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Sci. Signal., 8 January 2008
Vol. 1, Issue 1, p. ec10
[DOI: 10.1126/stke.11ec10]

EDITORS' CHOICE

Neuroscience Synaptic Metaplasticity

Peter Stern

Science, AAAS, Cambridge CB2 1LQ, UK

N-methyl-D-aspartate (NMDA) receptor-dependent synaptic strengthening is the most common and best understood form of plasticity in the central nervous system. However, how NMDA receptors influence plasticity after the initiation of synaptic strengthening in vivo has not been well studied. Clem et al. (see the Perspective by Brecht and Schmitz) examined the effect of cumulative sensory experience on synaptic strengthening at layer 4-2/3 synapses in the mouse barrel cortex. NMDA receptors opposed synaptic potentiation after single whisker experience, and NMDA receptor blockade restored pairing plasticity via a metabotropic glutamate receptor-dependent mechanism.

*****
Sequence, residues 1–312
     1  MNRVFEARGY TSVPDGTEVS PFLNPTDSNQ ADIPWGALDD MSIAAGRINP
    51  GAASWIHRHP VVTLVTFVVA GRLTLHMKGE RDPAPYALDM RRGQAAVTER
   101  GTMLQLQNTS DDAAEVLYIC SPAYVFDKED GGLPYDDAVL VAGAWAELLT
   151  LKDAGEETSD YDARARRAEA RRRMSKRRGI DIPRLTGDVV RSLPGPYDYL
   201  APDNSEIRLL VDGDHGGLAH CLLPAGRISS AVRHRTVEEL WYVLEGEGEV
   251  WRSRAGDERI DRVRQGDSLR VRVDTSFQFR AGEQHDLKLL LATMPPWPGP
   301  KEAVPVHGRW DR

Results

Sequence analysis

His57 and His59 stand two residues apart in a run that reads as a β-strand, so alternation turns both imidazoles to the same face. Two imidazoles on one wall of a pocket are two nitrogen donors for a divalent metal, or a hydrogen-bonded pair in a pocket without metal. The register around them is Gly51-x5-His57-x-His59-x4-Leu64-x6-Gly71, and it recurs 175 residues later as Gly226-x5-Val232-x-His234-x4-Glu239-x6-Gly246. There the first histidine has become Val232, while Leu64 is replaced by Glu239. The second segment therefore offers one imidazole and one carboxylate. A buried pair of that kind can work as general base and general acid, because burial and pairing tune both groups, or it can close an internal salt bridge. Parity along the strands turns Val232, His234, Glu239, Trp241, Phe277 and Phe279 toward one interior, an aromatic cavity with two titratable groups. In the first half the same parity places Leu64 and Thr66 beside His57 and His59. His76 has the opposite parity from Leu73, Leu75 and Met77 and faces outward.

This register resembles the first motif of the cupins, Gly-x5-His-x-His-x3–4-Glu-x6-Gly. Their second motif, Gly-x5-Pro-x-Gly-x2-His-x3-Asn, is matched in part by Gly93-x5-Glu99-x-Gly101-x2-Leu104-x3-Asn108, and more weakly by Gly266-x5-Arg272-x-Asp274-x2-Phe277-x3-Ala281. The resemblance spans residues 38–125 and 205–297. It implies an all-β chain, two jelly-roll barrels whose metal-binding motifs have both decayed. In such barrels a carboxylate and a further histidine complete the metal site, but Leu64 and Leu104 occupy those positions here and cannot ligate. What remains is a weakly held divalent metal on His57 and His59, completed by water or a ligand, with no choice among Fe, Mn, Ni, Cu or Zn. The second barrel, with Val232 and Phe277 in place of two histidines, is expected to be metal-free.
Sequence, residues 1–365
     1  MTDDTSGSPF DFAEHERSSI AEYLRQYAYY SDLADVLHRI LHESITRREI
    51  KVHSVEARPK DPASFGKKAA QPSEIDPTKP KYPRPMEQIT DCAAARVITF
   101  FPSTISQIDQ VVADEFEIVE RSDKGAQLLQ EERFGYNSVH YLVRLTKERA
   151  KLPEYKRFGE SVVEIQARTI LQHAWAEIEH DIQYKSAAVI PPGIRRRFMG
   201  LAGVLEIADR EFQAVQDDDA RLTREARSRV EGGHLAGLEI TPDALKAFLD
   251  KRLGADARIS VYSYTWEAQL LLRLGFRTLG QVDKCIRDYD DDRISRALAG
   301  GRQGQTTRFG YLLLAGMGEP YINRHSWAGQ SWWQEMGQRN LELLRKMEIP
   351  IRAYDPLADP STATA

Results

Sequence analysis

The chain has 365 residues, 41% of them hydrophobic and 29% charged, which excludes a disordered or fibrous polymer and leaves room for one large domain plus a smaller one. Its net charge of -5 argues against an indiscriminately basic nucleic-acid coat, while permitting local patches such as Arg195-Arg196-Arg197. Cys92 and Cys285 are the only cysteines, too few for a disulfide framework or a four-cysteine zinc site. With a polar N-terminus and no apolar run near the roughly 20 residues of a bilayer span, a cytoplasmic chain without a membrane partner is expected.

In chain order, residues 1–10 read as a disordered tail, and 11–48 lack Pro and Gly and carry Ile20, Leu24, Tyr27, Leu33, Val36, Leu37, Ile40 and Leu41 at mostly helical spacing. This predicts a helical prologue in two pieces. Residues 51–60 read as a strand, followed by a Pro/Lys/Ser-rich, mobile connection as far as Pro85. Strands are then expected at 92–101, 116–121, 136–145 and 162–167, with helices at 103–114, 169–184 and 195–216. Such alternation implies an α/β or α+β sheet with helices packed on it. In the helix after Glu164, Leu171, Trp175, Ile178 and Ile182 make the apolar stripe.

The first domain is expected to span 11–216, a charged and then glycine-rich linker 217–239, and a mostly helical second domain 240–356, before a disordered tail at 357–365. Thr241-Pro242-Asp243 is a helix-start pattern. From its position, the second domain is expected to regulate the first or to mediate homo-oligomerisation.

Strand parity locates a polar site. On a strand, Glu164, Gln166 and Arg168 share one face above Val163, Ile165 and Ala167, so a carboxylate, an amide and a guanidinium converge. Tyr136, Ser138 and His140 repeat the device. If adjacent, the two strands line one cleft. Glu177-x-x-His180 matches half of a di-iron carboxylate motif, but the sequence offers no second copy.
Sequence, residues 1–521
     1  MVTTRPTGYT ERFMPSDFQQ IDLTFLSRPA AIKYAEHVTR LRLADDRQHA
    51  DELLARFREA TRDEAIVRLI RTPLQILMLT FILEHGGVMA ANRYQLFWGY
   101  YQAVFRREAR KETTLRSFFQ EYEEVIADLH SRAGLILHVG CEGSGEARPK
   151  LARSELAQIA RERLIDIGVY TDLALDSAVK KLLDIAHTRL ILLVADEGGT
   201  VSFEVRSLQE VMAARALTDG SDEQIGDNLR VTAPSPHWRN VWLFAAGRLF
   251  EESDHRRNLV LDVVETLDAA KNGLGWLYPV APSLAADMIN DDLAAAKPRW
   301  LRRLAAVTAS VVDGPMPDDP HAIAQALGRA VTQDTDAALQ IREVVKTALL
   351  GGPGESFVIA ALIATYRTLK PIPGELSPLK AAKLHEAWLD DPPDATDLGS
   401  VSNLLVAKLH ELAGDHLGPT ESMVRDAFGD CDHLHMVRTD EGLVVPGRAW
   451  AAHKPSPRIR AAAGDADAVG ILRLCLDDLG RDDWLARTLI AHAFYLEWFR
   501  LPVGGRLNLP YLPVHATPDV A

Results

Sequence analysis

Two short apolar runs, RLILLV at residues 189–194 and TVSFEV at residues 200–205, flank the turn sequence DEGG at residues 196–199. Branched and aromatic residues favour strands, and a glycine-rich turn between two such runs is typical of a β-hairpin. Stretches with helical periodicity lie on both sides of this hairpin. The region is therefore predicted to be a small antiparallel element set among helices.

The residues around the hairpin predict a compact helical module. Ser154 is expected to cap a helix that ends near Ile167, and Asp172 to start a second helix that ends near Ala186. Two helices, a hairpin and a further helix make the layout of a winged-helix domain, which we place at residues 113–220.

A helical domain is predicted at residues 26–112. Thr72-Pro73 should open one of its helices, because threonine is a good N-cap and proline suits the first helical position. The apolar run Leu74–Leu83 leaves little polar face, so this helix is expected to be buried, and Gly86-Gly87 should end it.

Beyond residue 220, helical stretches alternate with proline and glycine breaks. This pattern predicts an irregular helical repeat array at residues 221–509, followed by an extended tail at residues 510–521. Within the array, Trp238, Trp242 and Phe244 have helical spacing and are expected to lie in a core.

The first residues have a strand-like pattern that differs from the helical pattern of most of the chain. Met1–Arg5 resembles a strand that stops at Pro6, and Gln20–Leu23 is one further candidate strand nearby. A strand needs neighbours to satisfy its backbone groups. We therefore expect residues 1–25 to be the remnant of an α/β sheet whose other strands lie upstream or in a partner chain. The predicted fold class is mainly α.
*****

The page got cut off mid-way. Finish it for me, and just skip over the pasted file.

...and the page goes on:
R. L. Clem, T. Celikel, A. L. Barth, Ongoing in vivo experience triggers synaptic metaplasticity in the neocortex. Science 319, 101-104 (2008). [Abstract] [Full Text]

M. Brecht, D. Schmitz, Rules of plasticity. Science 319, 39-40 (2008). [Summary] [Full Text]

Citation: P. Stern, Synaptic Metaplasticity. Sci. Signal. 1, ec10 (2008).


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